About two years ago our company, Emerald Packaging, which manufactures plastic packaging for food, suffered a silent raid by Immigration and Customs Enforcement (ICE). Like thousands of companies over the last few years, ICE came without notice and asked for copies of our I-9s, the forms employees must fill out detailing their right to work in the United States, including proof of legal status. ICE takes the forms and checks social security numbers (SSN) and work visa status, and anyone whose name does not match the declared SSN or whose work visa has lapsed must be terminated. Companies themselves face penalties for such technicalities as putting the necessary employee information in the wrong box on the form, a common error since the I-9 is a complicated document. Worse, they can be charged with criminal penalties if they have knowingly hired illegal aliens.
Memories of this moment flood back into my brain as Congress muddles through a conversation about immigration reform again. The audit, which took three weeks, left scars on our company, the employees caught up in the fracas, and my soul. We lost 18 people out of a staff of 200. They were some of our longest tenured people, the best machinists and operators, friends. Productivity fell and costs zoomed. Those effected lost good paying jobs, and in some cases lost homes and suffered depression and anxiety. I felt so helpless to protect them, so angry at the financial impact on our business, that I sought grief counseling. It did not work.
We really had no idea if we had illegals on staff. For many years no system existed to check legal status. The government now provides the E-Verify system which matches social security numbers but the law disallows checking the status of current employees. Among our 210 factory employees who produce the plastic packaging we make, we have a mix of Asians, Hispanics and a smattering of Anglos and African-Americans, the two former groups including many recent immigrants. Some had immigrated years ago, bought homes, raised families, paid taxes and contributed mightily to the building of our company.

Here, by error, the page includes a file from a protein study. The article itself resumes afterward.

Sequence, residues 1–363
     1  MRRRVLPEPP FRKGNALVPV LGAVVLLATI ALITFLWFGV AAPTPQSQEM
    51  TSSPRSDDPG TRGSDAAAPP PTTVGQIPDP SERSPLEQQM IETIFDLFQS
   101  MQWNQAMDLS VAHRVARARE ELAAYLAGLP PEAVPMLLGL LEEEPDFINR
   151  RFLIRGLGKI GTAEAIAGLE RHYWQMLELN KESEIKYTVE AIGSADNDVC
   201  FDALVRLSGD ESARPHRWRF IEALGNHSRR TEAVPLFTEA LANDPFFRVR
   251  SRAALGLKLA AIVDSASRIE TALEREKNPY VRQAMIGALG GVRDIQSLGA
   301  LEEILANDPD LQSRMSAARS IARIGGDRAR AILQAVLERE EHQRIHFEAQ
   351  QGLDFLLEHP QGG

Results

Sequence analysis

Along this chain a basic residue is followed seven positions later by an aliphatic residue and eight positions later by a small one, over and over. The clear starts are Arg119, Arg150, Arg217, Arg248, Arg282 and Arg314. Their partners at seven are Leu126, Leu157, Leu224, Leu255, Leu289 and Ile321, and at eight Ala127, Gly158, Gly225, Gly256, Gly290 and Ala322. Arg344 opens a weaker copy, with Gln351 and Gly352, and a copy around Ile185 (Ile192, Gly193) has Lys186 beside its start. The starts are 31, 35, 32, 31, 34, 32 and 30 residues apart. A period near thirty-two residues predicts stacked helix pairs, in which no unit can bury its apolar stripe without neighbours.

Take Miguel G. He had worked with us for over 20 years, maintaining and troubleshooting some of the toughest machines in our company, those that make plastic retail packaging that wrap lettuce, hold carrots or protect celery. Miguel was a model employee, never written-up, at work every day, able to handle his machines without help from our overworked maintenance department. He was also a strong leader, willing to speak his mind when he felt the company wasn’t treating people fairly or managers were playing favorites, as can happen. He made over $18 an hour and had full benefits, including medical coverage for his family and a pension program.
So off went the I-9s on which the fate of Miguel and others rested. Word of the raid spread through the factory and within 48 hours and nine employees immediately came forward and identified themselves as illegal aliens. Because the law says we cannot knowingly employ such people, we had to let them go on the spot. Over the following weeks, while ICE audited our documents, a steady trickle of employees came forward and confessed. By the time ICE came back and told us that 18 of our employees were not eligible to work in the United States, 17 had outed themselves, including Miguel. Fortunately, I suppose, ICE found the company had done nothing wrong and we were not fined. In our favor was the fact that most of the jobs affected paid well and offered full benefits, so the government could not find that we had hired illegals to keep our labor costs low.